Zeebra is one of the most influential hip-hop artists in Japan today. His music has reflected the themes of a younger generation growing up at a time of unemployment and recession.
An artist talk by Zeebra and panel discussion on Fukushima activism, 1960s art, postwar pop, and global hip-hop will be held at MIT on Wednesday, Feb. 26, at 3 p.m. in E25-111.
In addition to Zeebra, speakers include Marié Abe, an assistant professor of music in the Department of Musicology and Ethnomusicology at Boston University; Miki Kaneda, a lecturer in East Asian languages and civilizations at Harvard University; and Murray Forman, an associate professor of communication studies at Northeastern University. Forman is the author of "Hood Comes First: Race, Space and Place in Rap and Hip-Hop." Also speaking is Hiromu Nagahara, an assistant professor of history at MIT. MIT Professor Ian Condry will moderate the discussion.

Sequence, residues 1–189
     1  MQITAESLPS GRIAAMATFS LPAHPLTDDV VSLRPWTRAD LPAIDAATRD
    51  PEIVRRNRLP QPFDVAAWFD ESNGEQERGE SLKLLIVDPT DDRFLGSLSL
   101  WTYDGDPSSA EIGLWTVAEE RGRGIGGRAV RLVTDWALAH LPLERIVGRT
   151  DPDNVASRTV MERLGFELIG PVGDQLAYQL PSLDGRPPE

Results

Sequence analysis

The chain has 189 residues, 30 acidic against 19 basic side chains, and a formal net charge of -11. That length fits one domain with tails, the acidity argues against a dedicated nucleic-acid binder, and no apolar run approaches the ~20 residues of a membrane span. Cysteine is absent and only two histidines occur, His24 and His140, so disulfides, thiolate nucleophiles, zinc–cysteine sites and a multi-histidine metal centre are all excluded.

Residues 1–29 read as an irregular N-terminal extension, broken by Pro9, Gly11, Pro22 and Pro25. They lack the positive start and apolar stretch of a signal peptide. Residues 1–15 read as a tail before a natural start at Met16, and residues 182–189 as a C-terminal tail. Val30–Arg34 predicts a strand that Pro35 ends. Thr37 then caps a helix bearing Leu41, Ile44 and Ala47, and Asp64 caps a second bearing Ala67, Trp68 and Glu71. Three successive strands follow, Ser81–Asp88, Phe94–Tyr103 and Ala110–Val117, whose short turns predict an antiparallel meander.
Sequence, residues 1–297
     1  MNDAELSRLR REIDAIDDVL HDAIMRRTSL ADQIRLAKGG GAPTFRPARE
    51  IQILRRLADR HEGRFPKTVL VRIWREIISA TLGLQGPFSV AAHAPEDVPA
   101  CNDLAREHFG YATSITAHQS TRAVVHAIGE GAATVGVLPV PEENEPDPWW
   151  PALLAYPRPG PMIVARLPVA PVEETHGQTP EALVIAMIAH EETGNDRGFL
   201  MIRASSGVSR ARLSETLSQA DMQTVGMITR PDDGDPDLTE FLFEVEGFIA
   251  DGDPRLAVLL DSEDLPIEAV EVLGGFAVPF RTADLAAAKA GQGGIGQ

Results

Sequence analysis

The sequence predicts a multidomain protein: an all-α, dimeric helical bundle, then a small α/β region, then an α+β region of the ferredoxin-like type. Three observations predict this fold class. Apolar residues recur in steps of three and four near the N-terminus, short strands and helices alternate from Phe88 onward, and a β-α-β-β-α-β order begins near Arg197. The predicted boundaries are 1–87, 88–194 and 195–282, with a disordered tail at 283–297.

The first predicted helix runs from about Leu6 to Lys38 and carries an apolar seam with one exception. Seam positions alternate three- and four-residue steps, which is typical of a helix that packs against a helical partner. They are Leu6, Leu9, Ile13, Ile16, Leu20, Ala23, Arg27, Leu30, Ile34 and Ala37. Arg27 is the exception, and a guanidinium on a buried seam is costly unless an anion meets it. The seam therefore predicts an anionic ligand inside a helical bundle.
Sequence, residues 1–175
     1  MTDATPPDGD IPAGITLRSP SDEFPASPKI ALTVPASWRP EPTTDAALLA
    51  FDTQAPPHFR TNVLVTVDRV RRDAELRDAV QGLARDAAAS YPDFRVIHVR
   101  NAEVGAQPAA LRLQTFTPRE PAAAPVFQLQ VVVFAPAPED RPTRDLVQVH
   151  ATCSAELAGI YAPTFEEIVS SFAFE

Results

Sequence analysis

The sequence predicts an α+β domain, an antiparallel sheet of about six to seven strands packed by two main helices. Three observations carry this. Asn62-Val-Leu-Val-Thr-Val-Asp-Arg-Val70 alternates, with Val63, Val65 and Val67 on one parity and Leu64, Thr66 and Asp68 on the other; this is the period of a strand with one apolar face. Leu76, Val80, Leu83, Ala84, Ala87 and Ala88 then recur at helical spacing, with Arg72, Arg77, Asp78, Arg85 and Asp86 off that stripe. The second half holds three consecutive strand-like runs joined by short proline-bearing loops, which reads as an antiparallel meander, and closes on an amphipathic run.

This event is part of a two-day series sponsored by the The MIT/Harvard Cool Japan research project. Other activities include a performance on Wednesday evening by Zeebra and Japanese hip-hop artist Miss Monday. Also appearing will be local artists WTF. The performances start at 8 p.m. at the Middlesex Lounge in Cambridge.
On Thursday, Feb. 27, a panel discussion on Music, Culture and Transformation will be held at 5 p.m. in E14-663 featuring two MIT scholars: Meredith Schweig will deliver at talk "Gender in Taiwanese Rap Music: Hope for the Future?" Rebecca Dirksen will deliver "A Musical Model for Development? Haiti's Mizik Angaje Re-Imagined."